As ‘Being the Ricardos’ Hits the Big Screen, Why ‘I Love Lucy’ Remains as Relevant — and Funny! — as Ever

I love Lucy

Desi Arnaz and Lucille Ball on the set of 'I Love Lucy,' circa 1950s. Seventy years after the show first aired, there's no shortage of interest in the classic sitcom, from the new biopic "Being the Ricardos" to new generations of fans enjoying reruns of the classic sitcom. Photo: Mondadori / Getty Images

It all started with an anniversary party.

She wanted to celebrate her special day dining and dancing at a popular Manhattan hotspot; he wanted to go to watch the big boxing match.

The dilemma faced by Ethel and Fred Mertz (Vivian Vance and William Frawley) — and, by extension, Lucy and Ricky Ricardo (Lucille Ball and Desi Arnaz) — was hardly a ground-breaking one, but that just might be the key to I Love Lucy’s longevity.

This inaugural I Love Lucy caper — season one, episode one — first captivated audiences 70 years ago this past October and fans the world over have had no shortage of ways to celebrate the milestone anniversary and the empire Ball and Arnaz built through their pioneering Desilu Studios.

A podcast from Turner Classic Movies, The Plot Thickens, is shedding new light on Ball’s life; her long-forgotten 1960s chat show, Let’s Talk to Lucy, has been resurrected for new audiences by SiriusXM; and Ron Howard and Amy Poehler are producing a feature-length documentary on Ball and Arnaz. And, of course, this Friday (Dec. 10) the couple gets the big screen treatment when Being the Ricardos, a new film directed by Aaron Sorkin, 60, and starring Nicole Kidman, 54, and Javier Bardem, 52, opens in theatres.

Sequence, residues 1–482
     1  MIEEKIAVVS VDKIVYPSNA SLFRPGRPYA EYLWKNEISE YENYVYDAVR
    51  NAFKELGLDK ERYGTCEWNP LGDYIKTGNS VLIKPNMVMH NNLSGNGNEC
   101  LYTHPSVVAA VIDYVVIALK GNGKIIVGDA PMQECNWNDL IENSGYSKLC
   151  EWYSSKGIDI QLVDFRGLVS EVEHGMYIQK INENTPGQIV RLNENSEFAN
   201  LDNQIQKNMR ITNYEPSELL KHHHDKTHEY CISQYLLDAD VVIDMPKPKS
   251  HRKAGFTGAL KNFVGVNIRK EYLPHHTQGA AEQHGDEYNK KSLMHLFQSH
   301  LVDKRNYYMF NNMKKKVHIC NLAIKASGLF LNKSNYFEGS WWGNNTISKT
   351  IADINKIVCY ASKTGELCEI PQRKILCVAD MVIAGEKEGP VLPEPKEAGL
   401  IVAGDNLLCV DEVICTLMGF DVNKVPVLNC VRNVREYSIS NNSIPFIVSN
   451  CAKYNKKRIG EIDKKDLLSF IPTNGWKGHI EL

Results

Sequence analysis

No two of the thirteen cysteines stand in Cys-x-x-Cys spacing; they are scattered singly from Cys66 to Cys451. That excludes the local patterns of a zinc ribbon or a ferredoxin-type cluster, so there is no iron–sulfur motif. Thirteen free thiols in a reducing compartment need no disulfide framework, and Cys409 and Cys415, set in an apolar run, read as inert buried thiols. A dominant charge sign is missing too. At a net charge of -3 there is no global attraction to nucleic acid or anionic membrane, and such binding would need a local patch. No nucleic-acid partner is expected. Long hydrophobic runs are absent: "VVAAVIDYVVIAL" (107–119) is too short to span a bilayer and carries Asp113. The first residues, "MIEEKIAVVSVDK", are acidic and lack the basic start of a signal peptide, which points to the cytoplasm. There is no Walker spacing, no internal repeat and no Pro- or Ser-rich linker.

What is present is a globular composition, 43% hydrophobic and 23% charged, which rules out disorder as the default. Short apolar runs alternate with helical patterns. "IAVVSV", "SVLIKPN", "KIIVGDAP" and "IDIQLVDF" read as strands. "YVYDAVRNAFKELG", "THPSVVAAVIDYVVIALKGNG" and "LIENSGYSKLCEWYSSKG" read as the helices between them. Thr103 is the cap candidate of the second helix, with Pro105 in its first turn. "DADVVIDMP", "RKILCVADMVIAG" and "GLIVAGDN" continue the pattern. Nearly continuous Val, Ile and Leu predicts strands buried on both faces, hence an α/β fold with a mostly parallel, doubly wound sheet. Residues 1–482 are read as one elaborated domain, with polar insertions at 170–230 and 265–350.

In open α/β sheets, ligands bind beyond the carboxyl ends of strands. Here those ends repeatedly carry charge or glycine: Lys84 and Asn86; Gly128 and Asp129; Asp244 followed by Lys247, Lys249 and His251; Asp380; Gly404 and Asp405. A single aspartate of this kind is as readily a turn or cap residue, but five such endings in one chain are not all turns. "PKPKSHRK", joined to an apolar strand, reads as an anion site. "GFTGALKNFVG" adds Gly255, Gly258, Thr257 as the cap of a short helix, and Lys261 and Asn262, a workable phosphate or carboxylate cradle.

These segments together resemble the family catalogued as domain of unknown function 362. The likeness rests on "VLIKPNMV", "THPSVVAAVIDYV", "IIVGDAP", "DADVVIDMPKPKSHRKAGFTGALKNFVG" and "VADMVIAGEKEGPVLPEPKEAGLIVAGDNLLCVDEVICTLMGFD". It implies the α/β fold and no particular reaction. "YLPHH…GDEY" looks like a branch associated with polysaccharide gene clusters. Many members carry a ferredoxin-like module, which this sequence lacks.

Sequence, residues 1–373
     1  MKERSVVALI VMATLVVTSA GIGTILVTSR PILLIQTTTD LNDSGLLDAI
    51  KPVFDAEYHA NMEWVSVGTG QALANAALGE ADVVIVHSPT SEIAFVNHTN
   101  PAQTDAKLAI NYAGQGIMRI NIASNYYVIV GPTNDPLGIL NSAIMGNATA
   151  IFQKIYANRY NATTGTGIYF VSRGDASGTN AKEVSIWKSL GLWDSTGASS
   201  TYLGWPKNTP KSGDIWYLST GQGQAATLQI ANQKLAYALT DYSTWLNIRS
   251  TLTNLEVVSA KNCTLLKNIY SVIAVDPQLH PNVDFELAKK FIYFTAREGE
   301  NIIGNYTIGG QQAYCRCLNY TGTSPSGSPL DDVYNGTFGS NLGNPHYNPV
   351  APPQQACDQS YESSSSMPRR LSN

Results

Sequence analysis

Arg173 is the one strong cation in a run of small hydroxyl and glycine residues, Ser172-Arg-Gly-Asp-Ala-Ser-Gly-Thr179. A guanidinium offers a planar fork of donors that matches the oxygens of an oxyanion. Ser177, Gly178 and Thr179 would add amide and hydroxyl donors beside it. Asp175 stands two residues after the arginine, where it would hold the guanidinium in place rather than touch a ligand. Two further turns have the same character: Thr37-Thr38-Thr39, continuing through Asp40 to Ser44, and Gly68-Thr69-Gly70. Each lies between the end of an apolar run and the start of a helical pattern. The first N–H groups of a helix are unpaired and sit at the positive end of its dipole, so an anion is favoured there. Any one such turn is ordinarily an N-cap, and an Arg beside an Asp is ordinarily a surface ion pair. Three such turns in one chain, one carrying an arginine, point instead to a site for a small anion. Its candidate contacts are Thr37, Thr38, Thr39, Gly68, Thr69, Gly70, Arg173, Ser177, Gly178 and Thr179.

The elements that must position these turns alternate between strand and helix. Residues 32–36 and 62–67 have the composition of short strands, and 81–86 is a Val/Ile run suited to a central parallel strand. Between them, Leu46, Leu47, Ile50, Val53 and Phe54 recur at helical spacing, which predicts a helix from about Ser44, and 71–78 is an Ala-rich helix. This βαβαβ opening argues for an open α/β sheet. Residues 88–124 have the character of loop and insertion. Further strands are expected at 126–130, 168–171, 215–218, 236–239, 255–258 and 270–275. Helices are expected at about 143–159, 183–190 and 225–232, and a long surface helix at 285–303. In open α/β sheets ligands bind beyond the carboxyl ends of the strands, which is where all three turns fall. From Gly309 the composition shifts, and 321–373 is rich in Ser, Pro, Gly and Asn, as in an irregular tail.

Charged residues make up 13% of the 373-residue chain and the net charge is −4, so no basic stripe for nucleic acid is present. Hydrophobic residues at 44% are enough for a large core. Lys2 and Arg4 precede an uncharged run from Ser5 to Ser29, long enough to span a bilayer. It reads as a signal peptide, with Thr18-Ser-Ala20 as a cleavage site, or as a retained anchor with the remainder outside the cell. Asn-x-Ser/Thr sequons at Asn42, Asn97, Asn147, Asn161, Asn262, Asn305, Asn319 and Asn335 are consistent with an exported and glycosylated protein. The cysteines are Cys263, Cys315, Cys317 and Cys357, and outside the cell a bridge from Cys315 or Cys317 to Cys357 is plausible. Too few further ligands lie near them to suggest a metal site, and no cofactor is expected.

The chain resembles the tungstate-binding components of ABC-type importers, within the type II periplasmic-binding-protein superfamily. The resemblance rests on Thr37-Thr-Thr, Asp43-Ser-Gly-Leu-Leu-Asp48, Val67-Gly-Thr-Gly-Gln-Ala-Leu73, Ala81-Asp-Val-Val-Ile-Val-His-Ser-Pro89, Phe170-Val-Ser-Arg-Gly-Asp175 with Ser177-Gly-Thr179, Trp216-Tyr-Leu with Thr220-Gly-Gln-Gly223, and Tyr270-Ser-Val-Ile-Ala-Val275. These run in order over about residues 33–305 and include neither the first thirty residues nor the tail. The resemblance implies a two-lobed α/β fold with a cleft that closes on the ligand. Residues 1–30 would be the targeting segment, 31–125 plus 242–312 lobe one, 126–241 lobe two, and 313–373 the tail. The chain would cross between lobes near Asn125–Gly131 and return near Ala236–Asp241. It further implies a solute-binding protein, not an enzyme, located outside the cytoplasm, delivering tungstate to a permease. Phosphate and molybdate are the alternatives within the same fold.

The highly-anticipated film follows the show’s cast and crew during a particularly tumultuous production week in the mid-1950s: the U.S. House Un-American Activities Committee discovers Ball registered as a Communist in 1936 to please her workingman grandfather; the burgeoning tabloid industry publicly questions Arnaz’s fidelity; and, to cap it off, in an era where pregnant women were rarely seen on television, and the word itself banned from being uttered on screen, Ball, the most popular actress on television, finds out she’s carrying her second child.

It’s enough to bring down the whole house of cards.

A difficult week by any stretch of the imagination, thankfully, for Lucille Ball and Desi Arnaz, these real-life events were spread out over a considerably wider period of time. Director Sorkin has used dramatic license to ramp up on-screen tension, while his comments made promoting the film have raised tensions among “Lucy” fans.